DSP.Ear: Leveraging Co-Processor Support for Continuous Audio Sensing on Smartphones
Lane, Nicholas D
Rachuri, Kiran K
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Georgiev, P., Lane, N. D., Rachuri, K. K., & Mascolo, C. (2014). DSP.Ear: Leveraging Co-Processor Support for Continuous Audio Sensing on Smartphones. 295-309. https://doi.org/10.1145/2668332.2668349
The rapidly growing adoption of sensor-enabled smartphones has greatly fueled the proliferation of applications that use phone sensors to monitor user behavior. A central sensor among these is the microphone which enables, for instance, the detection of valence in speech, or the identification of speakers. Deploying multiple of these applications on a mobile device to continuously monitor the audio environment allows for the acquisition of a diverse range of sound-related contextual inferences. However, the cumulative processing burden critically impacts the phone battery. To address this problem, we propose DSP.Ear – an integrated sensing system that takes advantage of the latest low-power DSP co-processor technology in commodity mobile devices to enable the continuous and simultaneous operation of multiple established algorithms that perform complex audio inferences. The system extracts emotions from voice, estimates the number of people in a room, identifies the speakers, and detects commonly found ambient sounds, while critically incurring little overhead to the device battery. This is achieved through a series of pipeline optimizations that allow the computation to remain largely on the DSP. Through detailed evaluation of our prototype implementation we show that, by exploiting a smartphone’s co-processor, DSP.Ear achieves a 3 to 7 times increase in the battery lifetime compared to a solution that uses only the phone’s main processor. In addition, DSP.Ear is 2 to 3 times more power efficient than a naïve DSP solution without optimizations. We further analyse a large-scale dataset from 1320 Android users to show that in about 80-90% of the daily usage instances DSP.Ear is able to sustain a full day of operation (even in the presence of other smartphone workloads) with a single battery charge.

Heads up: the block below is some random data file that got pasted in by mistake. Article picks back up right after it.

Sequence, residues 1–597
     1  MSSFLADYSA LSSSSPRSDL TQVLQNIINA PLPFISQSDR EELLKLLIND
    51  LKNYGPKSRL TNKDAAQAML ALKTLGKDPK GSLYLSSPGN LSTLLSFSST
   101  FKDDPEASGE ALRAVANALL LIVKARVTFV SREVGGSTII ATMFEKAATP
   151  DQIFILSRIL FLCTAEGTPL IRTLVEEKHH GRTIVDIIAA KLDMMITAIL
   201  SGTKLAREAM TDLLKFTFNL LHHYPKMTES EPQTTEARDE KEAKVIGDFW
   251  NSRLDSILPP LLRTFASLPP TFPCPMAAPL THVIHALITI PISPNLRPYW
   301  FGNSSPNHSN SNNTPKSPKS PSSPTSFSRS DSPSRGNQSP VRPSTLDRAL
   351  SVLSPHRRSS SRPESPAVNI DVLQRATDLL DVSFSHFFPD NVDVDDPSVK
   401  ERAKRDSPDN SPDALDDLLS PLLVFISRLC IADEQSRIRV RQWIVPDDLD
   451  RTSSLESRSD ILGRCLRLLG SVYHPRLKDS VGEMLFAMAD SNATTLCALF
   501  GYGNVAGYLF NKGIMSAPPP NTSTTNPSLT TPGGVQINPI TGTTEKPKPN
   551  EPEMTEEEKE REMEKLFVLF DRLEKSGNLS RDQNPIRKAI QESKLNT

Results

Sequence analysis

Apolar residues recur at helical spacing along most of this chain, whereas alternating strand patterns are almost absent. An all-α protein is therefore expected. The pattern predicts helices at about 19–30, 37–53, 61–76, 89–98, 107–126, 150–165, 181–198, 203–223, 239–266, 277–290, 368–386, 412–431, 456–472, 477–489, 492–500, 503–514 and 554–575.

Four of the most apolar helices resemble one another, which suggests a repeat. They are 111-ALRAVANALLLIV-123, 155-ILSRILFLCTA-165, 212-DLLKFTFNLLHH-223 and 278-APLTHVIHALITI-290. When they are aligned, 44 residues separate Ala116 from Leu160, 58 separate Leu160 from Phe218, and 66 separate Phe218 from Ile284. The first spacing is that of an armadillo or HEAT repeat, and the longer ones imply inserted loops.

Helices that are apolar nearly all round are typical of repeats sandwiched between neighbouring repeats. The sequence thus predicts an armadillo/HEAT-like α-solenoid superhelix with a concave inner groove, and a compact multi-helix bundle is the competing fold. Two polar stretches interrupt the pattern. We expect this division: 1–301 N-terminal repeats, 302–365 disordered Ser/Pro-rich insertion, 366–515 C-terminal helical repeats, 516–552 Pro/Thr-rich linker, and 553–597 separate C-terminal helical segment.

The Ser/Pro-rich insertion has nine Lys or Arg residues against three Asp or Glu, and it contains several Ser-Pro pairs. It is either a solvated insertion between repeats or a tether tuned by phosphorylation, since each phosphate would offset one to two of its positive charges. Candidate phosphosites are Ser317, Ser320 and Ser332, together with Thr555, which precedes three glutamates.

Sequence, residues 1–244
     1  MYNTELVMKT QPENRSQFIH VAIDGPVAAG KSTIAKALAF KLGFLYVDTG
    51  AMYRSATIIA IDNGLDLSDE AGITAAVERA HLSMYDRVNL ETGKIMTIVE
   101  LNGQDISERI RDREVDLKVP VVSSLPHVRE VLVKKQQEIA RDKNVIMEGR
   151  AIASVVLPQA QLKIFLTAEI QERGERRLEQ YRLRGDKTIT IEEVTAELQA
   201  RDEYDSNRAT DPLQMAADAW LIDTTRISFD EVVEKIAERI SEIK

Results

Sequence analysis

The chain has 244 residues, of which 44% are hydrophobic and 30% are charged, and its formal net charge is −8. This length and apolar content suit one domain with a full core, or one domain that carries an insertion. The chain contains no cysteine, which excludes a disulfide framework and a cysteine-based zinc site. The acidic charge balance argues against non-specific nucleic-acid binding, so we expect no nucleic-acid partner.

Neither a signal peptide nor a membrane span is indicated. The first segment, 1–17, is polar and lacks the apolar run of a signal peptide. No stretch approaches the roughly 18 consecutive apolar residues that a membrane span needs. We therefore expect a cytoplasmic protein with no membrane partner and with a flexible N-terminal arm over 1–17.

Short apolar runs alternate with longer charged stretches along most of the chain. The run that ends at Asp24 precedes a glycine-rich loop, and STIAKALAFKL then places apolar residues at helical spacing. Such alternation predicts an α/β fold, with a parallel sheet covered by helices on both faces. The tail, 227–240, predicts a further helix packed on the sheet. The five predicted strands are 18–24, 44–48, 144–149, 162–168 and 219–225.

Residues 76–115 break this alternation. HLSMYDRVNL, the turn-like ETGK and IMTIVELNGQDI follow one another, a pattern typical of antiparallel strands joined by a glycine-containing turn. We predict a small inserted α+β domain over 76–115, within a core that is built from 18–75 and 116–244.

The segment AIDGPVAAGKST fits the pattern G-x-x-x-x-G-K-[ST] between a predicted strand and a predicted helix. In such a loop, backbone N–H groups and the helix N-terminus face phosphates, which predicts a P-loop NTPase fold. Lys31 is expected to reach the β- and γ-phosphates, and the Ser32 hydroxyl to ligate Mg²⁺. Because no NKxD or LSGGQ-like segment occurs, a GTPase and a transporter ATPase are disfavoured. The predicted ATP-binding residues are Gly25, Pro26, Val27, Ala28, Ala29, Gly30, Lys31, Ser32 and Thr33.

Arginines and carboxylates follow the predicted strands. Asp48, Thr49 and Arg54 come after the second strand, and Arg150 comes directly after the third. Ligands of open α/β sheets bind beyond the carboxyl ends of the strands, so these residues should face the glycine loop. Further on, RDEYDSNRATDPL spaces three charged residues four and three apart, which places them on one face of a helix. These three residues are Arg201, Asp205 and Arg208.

This work was supported by Microsoft Research through its PhD Scholarship Program.
External DOI: https://doi.org/10.1145/2668332.2668349
This record's URL: https://www.repository.cam.ac.uk/handle/1810/245877